Letter from Father Bob
“If we have no peace, it is because we have forgotten that we belong to one another.” -St. Teresa of Calcutta
“We cannot tolerate or turn a blind eye to racism and exclusion in any form and yet claim to defend the sacredness of every human life.” – Pope Francis, June 3, 2020
Dear Blessed Trinity Community,
These last several weeks have been quite unsettling with the news of recent racial injustices, social unrest, and the widespread suffering it has shown to us all.
Around the world, brothers and sisters in our Black community are crying out saying they have not been seen or heard. More than ever, it is clear that our nation’s laws and policies have not yet achieved justice or equal protection under the law for all people.
For those who seek to act justly, the ongoing reality of racism is troubling and now more than ever, demands our attention. We are called to recognize the effects of racism in ourselves, our country, and our school if we are to begin to undo it.
Many of you have recently reached out to us sharing your experiences, concerns, and interest in learning what Blessed Trinity High School is doing to combat racial injustice. We welcome your feedback and recognize we can do more. We assure you of our desire to work together (faculty, staff, students, parents, alumni, clergy) to provide the best formation we can for our students, faculty and staff, and to provide an ever greater environment of respect, awareness, and love for one another.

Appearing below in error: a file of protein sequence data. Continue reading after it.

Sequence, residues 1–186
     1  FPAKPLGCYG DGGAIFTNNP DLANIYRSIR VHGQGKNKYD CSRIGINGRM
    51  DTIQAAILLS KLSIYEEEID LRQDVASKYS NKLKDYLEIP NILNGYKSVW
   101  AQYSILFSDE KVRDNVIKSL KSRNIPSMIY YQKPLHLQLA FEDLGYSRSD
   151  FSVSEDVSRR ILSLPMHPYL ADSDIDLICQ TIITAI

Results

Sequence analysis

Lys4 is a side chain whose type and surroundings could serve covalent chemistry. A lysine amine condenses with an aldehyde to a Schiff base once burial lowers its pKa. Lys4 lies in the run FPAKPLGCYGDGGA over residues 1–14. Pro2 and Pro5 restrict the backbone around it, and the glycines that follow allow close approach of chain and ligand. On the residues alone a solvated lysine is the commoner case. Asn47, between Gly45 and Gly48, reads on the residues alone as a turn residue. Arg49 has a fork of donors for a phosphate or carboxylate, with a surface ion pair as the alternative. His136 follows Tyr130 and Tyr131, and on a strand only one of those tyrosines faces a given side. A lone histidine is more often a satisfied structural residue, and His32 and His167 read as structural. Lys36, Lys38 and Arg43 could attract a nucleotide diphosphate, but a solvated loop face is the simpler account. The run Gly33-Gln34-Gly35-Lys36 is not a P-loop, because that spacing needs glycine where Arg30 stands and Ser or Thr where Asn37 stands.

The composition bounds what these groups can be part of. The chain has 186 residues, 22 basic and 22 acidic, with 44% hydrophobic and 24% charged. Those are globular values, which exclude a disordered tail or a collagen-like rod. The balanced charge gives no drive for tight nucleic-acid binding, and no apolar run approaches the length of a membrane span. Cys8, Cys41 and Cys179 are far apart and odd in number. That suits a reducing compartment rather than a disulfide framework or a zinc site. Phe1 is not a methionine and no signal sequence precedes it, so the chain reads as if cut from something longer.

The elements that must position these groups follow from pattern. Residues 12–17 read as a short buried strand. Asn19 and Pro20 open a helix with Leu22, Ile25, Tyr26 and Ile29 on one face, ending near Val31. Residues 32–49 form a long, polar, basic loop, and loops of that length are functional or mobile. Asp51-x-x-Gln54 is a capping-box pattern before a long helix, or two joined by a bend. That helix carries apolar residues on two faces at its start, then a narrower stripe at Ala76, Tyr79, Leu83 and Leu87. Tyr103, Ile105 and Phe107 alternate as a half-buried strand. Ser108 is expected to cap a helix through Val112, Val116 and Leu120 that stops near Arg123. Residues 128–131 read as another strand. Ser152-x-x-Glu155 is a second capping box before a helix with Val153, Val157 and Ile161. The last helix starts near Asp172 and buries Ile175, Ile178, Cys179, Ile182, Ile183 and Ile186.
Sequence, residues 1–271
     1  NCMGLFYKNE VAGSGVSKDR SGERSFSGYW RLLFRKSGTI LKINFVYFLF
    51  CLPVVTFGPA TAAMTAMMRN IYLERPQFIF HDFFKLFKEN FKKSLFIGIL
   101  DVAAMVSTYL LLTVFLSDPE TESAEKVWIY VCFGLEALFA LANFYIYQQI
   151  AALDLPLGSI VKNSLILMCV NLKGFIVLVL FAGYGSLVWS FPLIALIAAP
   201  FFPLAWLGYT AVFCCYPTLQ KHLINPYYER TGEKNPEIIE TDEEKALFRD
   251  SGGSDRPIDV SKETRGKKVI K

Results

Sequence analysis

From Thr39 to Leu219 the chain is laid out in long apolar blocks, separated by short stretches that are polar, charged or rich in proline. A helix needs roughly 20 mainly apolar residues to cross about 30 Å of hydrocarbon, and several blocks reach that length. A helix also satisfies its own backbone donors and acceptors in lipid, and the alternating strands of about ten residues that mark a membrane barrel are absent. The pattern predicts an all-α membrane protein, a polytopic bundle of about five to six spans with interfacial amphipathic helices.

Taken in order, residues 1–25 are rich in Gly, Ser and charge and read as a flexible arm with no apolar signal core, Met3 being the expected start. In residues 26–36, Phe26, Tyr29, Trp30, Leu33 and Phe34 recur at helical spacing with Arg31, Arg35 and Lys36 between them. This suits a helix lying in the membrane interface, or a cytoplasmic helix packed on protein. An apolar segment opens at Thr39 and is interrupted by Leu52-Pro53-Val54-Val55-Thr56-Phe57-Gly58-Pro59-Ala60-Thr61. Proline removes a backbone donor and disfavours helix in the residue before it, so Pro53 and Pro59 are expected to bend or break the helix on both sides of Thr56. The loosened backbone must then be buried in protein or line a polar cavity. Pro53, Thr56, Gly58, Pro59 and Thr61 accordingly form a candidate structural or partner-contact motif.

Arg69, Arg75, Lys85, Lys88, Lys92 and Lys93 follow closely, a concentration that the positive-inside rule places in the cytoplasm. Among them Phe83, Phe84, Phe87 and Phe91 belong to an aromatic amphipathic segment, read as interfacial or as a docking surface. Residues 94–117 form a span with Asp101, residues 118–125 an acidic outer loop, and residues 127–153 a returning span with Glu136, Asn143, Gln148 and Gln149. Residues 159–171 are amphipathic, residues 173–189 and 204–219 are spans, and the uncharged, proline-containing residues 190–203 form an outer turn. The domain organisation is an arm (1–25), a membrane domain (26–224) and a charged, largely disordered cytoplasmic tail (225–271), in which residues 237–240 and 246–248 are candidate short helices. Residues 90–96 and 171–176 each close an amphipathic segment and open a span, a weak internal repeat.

As is stated in the 2018 USCCB Pastoral Letter, Open Wide Your Hearts:
Racism arises when—either consciously or unconsciously—a person holds that his or her own race or ethnicity is superior […] When this conviction or attitude leads individuals or groups to exclude, ridicule, mistreat, or unjustly discriminate against persons on the basis of their race or ethnicity, it is sinful. (USCCB Pastoral Letter, Open Wide Your Hearts, 2018).
We must contend with racism wherever it is found, always keeping in mind the words of St. Paul in the twelfth chapter of the Letter to the Romans: “Let love be genuine; hate what is evil, hold fast to what is good; love one another with brotherly affection… Do not be overcome by evil, but overcome evil with good.”
Be assured that Blessed Trinity Catholic High School opposes all forms of racism and vigorously proclaims the dignity and value of each and every human life, grounded in our unyielding conviction that all persons are made in the image and likeness of God, and consequently, should be loved accordingly without exception. We recognize and welcome the contributions of all races and cultures.
We pray that we might all be more receptive to the Holy Trinity working to transform us, heal us, inspire us so that we can be instruments of Spirit-driven social change that rejects hatred, violence, racism and blindness and embraces the love and peace of Jesus Christ. Our faith calls us both to personal conversion and to transformation of our society.
Holy Scripture teaches us that “faith by itself, if it has no works, is dead” (James 2:17). We join others around our country and community in praying for an end to racism, but we also know that prayer itself will not solve these deep-rooted issues. We have an obligation to be proactive.
And so, during this time of immense challenge, let us work together to be light and leaven facilitating education, healing, connection, support, and service to each other and to the greater community.
Sincerely yours in Christ,
Fr. Bob Frederick,